Some of the increase in subsidies may in fact be reflecting the cost of upgrading bus fleets, because the bus companies will try to recover that cost. To some degree higher subsidies is a natural consequence of more stringent emissions standards on buses and AT’s expectations around better buses.

      1. Yes there do seem to have been a number of new buses that have come on stream over the last 5 or so years, the new ones about to start on the new link services appear to be pretty good if the marketing hype is correct, also the ones used on the B Line services look quite nice (from the outside at least)

        1. I actually don’t think the bus fleet in Auckland is too bad. There are some dungas, but it’s balance between “bright and sparkly” versus effective use of resources. I think one thing NZ Bus should be commended for is the high rate of asset renewals they’ve achieved since taking over from Stagecoach. “It won’t happen overnight but it will happen” may be the appropriate motto here – I’d give NZ Bus another few years and see what the fleet’s like then.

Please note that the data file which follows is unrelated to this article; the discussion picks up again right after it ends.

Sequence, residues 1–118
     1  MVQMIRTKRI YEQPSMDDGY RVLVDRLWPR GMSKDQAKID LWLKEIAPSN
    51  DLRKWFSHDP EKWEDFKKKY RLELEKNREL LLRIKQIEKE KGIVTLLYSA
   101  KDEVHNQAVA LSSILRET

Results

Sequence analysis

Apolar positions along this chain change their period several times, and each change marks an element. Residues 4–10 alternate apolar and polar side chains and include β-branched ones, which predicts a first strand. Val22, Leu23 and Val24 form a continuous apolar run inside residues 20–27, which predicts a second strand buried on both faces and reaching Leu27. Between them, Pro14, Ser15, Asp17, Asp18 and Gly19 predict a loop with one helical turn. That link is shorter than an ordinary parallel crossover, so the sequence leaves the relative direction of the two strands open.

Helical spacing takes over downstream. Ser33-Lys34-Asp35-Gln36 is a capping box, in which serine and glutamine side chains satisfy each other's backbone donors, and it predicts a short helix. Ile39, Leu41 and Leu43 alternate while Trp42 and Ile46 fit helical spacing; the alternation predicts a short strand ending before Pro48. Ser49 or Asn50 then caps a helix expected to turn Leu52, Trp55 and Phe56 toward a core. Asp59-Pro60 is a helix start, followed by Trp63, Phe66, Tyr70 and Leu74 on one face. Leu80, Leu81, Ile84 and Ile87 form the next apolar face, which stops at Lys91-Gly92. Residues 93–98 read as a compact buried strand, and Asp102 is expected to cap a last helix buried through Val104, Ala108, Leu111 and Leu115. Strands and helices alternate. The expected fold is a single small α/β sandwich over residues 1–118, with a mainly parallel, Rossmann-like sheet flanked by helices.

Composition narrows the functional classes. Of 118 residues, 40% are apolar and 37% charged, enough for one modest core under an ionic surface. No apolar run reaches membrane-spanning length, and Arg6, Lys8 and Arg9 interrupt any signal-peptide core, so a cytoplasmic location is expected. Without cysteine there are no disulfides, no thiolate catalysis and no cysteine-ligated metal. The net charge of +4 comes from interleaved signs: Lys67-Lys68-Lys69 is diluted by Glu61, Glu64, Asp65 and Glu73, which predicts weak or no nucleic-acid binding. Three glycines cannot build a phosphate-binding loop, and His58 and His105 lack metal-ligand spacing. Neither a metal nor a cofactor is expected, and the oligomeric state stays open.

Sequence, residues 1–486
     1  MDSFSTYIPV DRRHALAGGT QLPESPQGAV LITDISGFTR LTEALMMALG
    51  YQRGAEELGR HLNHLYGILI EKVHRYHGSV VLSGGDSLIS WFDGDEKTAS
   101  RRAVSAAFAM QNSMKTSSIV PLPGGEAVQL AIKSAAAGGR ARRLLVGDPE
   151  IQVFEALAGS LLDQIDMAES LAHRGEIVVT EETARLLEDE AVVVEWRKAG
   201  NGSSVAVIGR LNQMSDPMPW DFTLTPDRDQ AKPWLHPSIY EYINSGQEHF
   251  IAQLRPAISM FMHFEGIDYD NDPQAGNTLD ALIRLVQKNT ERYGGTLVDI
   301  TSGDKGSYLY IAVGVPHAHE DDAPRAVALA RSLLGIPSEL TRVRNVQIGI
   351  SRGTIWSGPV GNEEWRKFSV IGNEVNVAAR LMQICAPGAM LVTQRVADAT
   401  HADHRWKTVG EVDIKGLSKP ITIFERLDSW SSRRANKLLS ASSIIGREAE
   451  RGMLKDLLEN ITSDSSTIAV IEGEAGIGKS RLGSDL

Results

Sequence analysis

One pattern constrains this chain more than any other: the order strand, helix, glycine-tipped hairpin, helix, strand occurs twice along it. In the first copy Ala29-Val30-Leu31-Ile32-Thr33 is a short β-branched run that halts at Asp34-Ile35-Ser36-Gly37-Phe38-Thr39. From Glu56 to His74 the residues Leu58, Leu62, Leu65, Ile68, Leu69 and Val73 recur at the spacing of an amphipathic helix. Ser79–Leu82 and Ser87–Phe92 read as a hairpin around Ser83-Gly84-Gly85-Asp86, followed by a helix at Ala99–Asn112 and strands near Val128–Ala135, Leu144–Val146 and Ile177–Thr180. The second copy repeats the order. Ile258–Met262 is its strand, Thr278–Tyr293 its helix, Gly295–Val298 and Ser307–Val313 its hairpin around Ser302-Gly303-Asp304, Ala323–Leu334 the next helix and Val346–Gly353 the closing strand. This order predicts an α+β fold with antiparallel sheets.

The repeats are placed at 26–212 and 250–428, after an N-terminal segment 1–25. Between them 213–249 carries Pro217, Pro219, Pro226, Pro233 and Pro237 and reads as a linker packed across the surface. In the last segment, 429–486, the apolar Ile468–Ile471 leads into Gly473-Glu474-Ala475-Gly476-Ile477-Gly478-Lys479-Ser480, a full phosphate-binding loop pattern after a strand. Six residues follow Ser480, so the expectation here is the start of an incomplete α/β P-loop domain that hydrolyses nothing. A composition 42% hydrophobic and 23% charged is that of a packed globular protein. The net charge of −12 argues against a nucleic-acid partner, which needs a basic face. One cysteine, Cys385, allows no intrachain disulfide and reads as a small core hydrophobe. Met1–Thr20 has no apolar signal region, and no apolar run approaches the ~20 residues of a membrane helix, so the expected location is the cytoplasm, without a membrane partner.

2. I think the increase in bus patronage in the past couple of years has also taken some by surprise so older buses have had to be kept on the road longer than originally anticipated.

        3. I’m amazed just how many kilometers you can get out of a bus or coach. I was talking to a driver on an Aussie Greyhound about this. The coach is on the road as many as 20 hours a day, stopping only to load and unload and for driver meal breaks. They run through the night. It does 1500-2000km a day for, say, 350 days a year equals 700,000km a year. And the coach was around 15 years old, which equals about 10 million km. It was still in reasonable condition. I tried to find out how they maintain them and how often they replace the engines but he said he didn’t know… he just drove them.

          By contrast, I used to own a Toyota station wagon that was absolutely stuffed at 320,000km when it broke down and I decided it was time to send it to the wreckers.

  8. Well said with this: